The patient underwent minimally invasive left chest wall stabilization using extra-thoracic VATS technique. Patient was placed in right lateral decubitus position and double lumen was placed. Considering the subsequent rib fractures involved, a camera was placed to examine the intra-thoracic space. The chest wall was palpated to determine chest wall instability and optimal incision placement. An extra-thoracic space was created between the chest wall musculature and the superficial aspect of the ribs using a space maker balloon and wound protector (Figure 3A). Wound retractors were used to maintain the extra-thoracic space. After the rib fractures were identified, fixation of ribs 4–8 began in a cranial-to-caudal fashion. Positioning of the titanium plate/screw system was secured by placing sutures bilaterally around the flail segments (Figure 3B). Placement of the screws and accessibility of the screw holes was achieved by a combination of right-angle and straight-angle electric drills and was easily accessible through the exposure (Figure 4). Once good operative fixation was obtained and the patient was extubated in the operating room. The chest tube was removed on post-operative day (POD) 2 and JP drain on POD3. The patient was ready for discharge on POD 3 with chest radiograph demonstrating stable fixation and her post-operative pain was well controlled on acetaminophen and ibuprofen (Figure 5).

Figure 3 Intra-operative image. (A) Showing the creation of an extra-thoracic space using balloon dilation; (B) showing placement and securing of plates on rib 5. Rib 4 plating is complete.
Figure 4 Novel extra-thoracic VATS chest wall stabilization (2). Available online: http://www.asvide.com/article/view/24744
Figure 5 Post-operative chest radiograph. (A) In anterior-posterior view showing stable rib fixation of ribs 4–8; (B) in lateral view showing stable rib fixation of ribs 4–8.

Discussion

Rib fractures are common injuries and occur in up to 39% of patients with blunt chest trauma. These fractures are routinely treated non-operatively, however this management strategy has higher rates of long-term morbidity, especially in elderly patients (3,4). These findings may be due to increase in medical co-morbidities at baseline in addition to limited physiologic reserve, making elderly patients a particularly vulnerable population. It is clear how the patient, with consecutive fractures in ribs 4–9, would benefit from operative fixation (5).

Adequate pain management is essential for operative and non-operative management of multiple rib fractures as patients need chest wall expansion and production of cough to clear secretions to decrease incidence of pneumonia. Shelat and colleagues demonstrate that after non-operative management of rib fractures and 8 weeks of outpatient analgesia, 26% of patients are not adequately treated and require long-term use of analgesics while our patient returned to her baseline function at her 1-week post-operative outpatient clinic visit (6).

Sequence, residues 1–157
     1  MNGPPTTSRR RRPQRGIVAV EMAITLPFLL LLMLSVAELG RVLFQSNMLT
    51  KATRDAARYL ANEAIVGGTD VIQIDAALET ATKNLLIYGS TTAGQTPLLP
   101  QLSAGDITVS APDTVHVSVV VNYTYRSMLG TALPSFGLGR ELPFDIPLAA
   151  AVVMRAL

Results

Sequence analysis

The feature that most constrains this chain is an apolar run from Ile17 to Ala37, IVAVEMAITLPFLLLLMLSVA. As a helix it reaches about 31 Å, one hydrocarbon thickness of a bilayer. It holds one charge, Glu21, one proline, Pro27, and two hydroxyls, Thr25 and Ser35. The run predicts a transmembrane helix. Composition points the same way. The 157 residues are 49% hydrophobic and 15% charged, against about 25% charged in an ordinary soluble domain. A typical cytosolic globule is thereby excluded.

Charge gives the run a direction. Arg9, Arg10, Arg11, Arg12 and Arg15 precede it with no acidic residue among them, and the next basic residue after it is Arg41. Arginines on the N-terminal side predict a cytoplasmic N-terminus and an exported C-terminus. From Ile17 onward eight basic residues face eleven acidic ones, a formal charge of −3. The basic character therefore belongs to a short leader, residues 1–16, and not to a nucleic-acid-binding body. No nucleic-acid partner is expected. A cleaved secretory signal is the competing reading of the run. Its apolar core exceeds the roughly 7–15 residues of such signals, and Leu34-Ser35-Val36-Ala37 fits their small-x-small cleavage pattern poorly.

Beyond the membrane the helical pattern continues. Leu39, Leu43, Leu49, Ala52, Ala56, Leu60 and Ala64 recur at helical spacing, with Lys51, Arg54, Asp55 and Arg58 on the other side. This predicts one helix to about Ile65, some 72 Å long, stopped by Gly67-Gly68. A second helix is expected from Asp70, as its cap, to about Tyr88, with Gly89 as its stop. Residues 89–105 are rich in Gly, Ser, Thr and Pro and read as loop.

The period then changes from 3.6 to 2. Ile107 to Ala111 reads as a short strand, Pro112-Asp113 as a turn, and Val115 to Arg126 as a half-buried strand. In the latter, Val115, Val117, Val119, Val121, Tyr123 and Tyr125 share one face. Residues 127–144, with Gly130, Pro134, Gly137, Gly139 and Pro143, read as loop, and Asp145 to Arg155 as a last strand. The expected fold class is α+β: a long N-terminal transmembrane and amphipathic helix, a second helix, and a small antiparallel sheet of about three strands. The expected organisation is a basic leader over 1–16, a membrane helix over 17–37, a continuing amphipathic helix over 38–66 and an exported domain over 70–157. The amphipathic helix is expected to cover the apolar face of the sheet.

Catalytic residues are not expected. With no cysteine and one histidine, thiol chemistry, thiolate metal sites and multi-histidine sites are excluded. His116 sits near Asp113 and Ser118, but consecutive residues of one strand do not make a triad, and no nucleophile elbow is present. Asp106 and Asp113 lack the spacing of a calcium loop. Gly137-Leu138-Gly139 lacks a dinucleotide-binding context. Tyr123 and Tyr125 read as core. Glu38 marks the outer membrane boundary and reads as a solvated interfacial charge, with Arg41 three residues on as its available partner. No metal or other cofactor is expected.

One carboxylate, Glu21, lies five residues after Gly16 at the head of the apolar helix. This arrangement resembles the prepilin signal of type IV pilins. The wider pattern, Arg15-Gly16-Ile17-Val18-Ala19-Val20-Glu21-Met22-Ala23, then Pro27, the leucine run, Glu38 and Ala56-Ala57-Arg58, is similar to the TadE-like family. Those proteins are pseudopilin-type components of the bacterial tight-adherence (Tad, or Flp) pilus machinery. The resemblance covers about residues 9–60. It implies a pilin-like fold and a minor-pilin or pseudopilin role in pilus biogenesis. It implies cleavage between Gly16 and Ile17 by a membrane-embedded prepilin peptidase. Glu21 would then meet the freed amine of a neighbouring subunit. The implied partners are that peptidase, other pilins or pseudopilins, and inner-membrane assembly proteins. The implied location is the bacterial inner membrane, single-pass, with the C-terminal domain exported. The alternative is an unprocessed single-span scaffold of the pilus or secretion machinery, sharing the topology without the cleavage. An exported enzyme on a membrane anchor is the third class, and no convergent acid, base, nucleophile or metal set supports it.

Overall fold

Although there have been two articles published regarding the use of VATS to perform rib fixation surgery, this is the first publication of surgical rib fixation using extra-thoracic VATS incisions for placement of rib plates for multiple subsequent rib fractures and flail chest. Typically, surgical rib fixation is performed with a thoracotomy incision, but this VATS-assisted minimally invasive surgical approach provided a faster recovery to this patient’s baseline with minimal post-operative neuralgia or soft tissue damage.


Conclusions

We show that VATS assisted minimally invasive technique for operative management of multiple rib fractures is a viable surgical option demonstrated by this patient’s recovery and return to function with minimal need for pain control despite her advanced age and baseline co-morbidities.


Acknowledgements

None.


Footnote

Conflicts of Interest: The authors have no conflicts of interest to declare.

Informed Consent: Written informed consent was obtained from the patient for publication of this Case Report and ant accompanying images. A copy of the written consent is available for review by the Editor-in-Chief of this journal.


References

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doi: 10.21037/jovs.2018.05.08
Cite this article as: Merchant NN, Onugha O. Novel extra-thoracic VATS minimally invasive technique for management of multiple rib fractures. J Vis Surg 2018;4:103.